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School District Transfers Millions

Santa Ana Unified says money from building fund needed to cover operations shortfall.

May 13, 2003|Daniel Yi | Times Staff Writer

The Santa Ana Unified School District has borrowed $15 million from its school construction fund to help cover a shortfall in its operations budget because of the state's financial crisis.

The decision will have no effect on $411 million worth of pending construction, district officials said, because the money will be returned before it is needed in a year or so.

But some in the district, including trustee John Palacio, are critical of the move, saying it jeopardizes long-awaited school construction in the chronically overcrowded 61,000-student district. They also note the district isn't required to return the funds.

Santa Ana Unified's beleaguered construction program has yet to yield a campus three years after voters approved a major school bond measure.

The borrowed cash comes from a $60-million legal settlement the district reached last year with the city of Tustin for a chunk of the former Marine Corps Air Station. When the federal government announced base closures a decade ago, it pledged some of the land to local public schools, and part of the base falls within the Santa Ana district.

Instead of land, Santa Ana Unified got cash. The money was added to the district's construction program, which includes matching state funds and $145 million from Measure C, which voters passed in 1999.

"We are using monies that we said were going to build schools for something other than building schools," said Palacio, who, for medical reasons, missed the March board meeting when the transfer was approved. "That is not what we told the public, and that is not what we told the city of Tustin."

The board voted 4 to 0 at the end of the lengthy meeting, after most of the public had left.

Tustin officials, who battled with the district for years over the disputed land, said they hoped the money would be used for school construction.

"I respect their decision, since they have facts that I don't have in front of me," Tustin Councilman Jeffery Thomas said of the school board's decision. "But ... the money was for schools and not budgetary shortfalls. It was the whole premise of the lawsuit."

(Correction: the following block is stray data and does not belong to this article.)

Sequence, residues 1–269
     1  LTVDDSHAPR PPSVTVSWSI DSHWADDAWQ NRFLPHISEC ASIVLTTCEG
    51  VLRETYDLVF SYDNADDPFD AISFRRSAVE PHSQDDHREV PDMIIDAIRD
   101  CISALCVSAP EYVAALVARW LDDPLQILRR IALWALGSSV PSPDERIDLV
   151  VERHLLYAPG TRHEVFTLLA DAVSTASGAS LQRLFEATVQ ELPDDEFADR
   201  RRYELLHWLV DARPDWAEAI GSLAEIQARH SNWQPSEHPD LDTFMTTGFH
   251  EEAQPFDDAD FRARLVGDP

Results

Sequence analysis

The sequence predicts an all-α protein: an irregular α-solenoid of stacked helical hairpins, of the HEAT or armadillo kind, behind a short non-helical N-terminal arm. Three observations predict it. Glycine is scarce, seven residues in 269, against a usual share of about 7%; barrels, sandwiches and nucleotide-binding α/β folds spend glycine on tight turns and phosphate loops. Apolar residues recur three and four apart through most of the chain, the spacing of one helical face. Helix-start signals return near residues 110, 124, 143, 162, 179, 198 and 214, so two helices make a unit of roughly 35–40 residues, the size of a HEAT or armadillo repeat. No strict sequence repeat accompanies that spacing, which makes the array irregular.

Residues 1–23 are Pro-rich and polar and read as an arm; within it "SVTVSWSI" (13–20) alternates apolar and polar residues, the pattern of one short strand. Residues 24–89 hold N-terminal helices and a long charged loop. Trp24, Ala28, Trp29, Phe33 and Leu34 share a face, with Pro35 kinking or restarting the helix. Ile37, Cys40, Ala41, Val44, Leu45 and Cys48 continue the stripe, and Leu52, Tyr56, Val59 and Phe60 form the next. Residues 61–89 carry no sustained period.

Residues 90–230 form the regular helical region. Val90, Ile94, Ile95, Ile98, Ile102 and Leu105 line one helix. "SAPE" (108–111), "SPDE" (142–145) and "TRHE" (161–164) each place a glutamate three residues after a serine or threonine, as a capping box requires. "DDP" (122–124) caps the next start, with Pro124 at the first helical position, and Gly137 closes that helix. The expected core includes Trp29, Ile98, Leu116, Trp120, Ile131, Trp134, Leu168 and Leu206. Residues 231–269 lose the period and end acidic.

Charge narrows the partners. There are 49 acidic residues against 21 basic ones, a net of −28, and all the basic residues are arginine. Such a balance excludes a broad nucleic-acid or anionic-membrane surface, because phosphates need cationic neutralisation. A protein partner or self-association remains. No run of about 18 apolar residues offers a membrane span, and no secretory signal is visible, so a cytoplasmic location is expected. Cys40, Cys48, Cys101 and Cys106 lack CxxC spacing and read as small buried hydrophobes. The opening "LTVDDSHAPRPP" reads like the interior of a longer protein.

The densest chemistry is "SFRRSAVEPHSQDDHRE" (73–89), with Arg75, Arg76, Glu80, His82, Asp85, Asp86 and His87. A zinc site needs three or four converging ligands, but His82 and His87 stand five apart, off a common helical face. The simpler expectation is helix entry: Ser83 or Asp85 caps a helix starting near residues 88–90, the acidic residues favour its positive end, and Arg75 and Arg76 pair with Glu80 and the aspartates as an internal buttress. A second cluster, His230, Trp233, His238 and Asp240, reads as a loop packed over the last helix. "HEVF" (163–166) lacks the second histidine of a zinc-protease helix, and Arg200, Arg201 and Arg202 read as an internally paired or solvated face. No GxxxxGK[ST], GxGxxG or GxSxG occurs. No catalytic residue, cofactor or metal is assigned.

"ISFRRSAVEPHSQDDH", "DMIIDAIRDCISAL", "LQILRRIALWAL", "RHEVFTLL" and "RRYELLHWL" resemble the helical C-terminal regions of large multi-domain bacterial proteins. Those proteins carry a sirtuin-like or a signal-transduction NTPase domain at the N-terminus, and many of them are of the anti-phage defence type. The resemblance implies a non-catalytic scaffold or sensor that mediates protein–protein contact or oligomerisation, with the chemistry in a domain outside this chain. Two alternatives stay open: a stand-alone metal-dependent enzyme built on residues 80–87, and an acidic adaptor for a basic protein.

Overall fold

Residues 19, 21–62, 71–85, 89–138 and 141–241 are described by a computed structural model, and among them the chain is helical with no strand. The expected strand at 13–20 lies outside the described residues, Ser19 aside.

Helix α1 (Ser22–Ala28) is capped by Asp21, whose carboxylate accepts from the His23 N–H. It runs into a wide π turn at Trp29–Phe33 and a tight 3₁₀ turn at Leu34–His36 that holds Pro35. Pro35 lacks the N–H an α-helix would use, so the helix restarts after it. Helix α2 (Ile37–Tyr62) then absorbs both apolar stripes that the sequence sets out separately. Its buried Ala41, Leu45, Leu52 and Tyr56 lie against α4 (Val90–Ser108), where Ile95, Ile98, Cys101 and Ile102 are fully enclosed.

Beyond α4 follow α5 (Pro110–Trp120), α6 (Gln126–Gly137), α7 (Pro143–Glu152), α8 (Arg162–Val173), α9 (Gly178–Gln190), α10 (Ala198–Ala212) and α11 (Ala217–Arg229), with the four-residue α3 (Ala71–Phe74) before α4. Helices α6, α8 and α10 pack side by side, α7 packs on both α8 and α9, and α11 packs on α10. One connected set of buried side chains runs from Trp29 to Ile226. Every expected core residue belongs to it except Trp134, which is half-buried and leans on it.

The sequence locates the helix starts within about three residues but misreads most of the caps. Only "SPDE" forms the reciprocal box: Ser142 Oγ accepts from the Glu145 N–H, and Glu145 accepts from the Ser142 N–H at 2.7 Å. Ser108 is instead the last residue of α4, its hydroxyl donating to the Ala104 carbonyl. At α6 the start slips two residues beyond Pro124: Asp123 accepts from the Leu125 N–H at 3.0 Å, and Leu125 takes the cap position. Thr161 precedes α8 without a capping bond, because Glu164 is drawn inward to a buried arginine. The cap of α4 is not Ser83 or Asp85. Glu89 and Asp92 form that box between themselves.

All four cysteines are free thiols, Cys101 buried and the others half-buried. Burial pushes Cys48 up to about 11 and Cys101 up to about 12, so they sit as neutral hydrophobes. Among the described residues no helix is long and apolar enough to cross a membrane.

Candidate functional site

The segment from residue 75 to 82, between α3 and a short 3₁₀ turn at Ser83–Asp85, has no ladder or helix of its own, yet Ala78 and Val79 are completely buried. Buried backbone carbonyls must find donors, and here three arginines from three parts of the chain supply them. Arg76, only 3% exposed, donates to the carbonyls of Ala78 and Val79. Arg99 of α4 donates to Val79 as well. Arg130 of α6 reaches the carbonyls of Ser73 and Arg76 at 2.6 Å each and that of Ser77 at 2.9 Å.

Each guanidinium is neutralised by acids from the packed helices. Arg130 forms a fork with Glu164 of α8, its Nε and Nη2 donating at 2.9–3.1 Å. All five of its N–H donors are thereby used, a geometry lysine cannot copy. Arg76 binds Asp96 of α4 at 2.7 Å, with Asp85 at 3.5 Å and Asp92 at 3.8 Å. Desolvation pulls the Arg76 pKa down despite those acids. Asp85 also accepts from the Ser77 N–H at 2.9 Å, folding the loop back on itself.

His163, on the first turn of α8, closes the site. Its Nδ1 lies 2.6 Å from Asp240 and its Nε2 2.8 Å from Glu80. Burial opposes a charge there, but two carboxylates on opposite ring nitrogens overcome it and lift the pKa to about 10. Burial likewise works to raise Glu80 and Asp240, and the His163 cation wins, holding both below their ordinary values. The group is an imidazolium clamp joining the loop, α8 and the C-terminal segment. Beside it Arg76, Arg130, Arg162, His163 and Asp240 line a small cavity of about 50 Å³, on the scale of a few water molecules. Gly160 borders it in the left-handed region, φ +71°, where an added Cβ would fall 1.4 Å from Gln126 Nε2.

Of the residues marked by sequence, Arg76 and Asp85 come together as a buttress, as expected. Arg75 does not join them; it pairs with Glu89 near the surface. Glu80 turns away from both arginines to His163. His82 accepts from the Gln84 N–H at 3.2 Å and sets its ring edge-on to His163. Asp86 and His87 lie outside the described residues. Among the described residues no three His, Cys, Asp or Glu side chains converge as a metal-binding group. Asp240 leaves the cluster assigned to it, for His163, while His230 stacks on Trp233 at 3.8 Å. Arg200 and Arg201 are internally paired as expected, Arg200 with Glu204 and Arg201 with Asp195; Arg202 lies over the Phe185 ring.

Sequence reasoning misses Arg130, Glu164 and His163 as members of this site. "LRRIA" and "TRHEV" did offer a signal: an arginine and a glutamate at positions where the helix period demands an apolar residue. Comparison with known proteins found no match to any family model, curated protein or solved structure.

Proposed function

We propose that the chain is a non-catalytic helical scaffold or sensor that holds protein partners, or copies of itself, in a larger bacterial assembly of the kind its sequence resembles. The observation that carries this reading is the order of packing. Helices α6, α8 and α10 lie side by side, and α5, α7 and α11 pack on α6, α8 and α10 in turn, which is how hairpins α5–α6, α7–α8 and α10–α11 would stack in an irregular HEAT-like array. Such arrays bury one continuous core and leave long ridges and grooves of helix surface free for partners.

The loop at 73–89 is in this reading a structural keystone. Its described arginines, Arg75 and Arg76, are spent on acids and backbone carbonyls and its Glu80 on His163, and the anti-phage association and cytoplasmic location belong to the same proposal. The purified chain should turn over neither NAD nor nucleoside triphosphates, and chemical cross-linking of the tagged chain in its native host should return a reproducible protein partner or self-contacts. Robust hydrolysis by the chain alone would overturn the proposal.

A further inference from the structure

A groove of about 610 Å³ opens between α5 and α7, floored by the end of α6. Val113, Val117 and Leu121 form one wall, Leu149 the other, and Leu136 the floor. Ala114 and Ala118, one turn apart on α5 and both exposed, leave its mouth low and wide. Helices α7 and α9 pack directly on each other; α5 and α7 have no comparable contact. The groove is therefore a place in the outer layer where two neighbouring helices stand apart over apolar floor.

District officials say the borrowed money is being used only to maintain state-mandated reserves of about $9 million and to help the district's general-fund cash flow. None of the borrowed amount will be spent.

"We transfer money all the time" between funds, Supt. Al Mijares said.

In fact, the state Department of Education recommended last month that school districts consider ways to stem cash-flow problems created by the state's budget deficit, including borrowing from specific funds or seeking short-term loans.

"Every district will be in this boat or has been in this boat," said Don Stabler, Santa Ana's assistant superintendent of business services. "In our case, we had the money and ... we could transfer it over" without paying interest on a loan or losing interest on the money since it is only a paper transfer between accounts.

In January, Stabler told trustees the district needed to cut $17 million from its $440-million budget before July. Now, Mijares and Stabler said, the district will make cuts of $5 million to $7 million for the fiscal year ending June 30. The district expects to have to cut an additional $27 million to $30 million from the 2003-04 budget. The cuts will make it possible to replenish the construction fund.

But there is no guarantee the district will be able to make those cuts, and it is under no legal obligation to return the funds to construction projects.

"It is really worrisome whether the money will actually get back," said Kim Gerda, a district parent and local education activist. "This board hasn't really talked openly about where they are going to make cuts" in the operational budget.

Santa Ana Unified has 24 planned projects, including six new campuses and several modernization and expansion jobs that officials believe can be built in the next few years with the $411-million construction fund.

But, Palacio said, by borrowing money from it, the district is delaying projects that are ready to move forward, including the expansion of Kennedy Elementary and Carr Intermediate schools, budgeted for a combined $18 million.

Palacio has been criticized for micromanaging the program and failing to move swiftly to build schools. He was part of the board's former majority, which was accused of delaying projects while the district selected architect firms, some of which were asked for campaign contributions by Palacio and ousted trustee Nativo V. Lopez. No laws were broken and both men maintain they acted properly.

In any case, district officials say the Kennedy and Carr projects can wait because they first need to ensure they have enough funds for higher priority projects, such as new high schools.

Mijares conceded the state's budget problems make school finances look bleak, but he said his district's construction plans will not be affected.

"The potential is there for a lot of things to happen," Mijares said. "But the importance of school construction is so great I cannot see us using [the Tustin settlement money] for any other purpose but to build schools."

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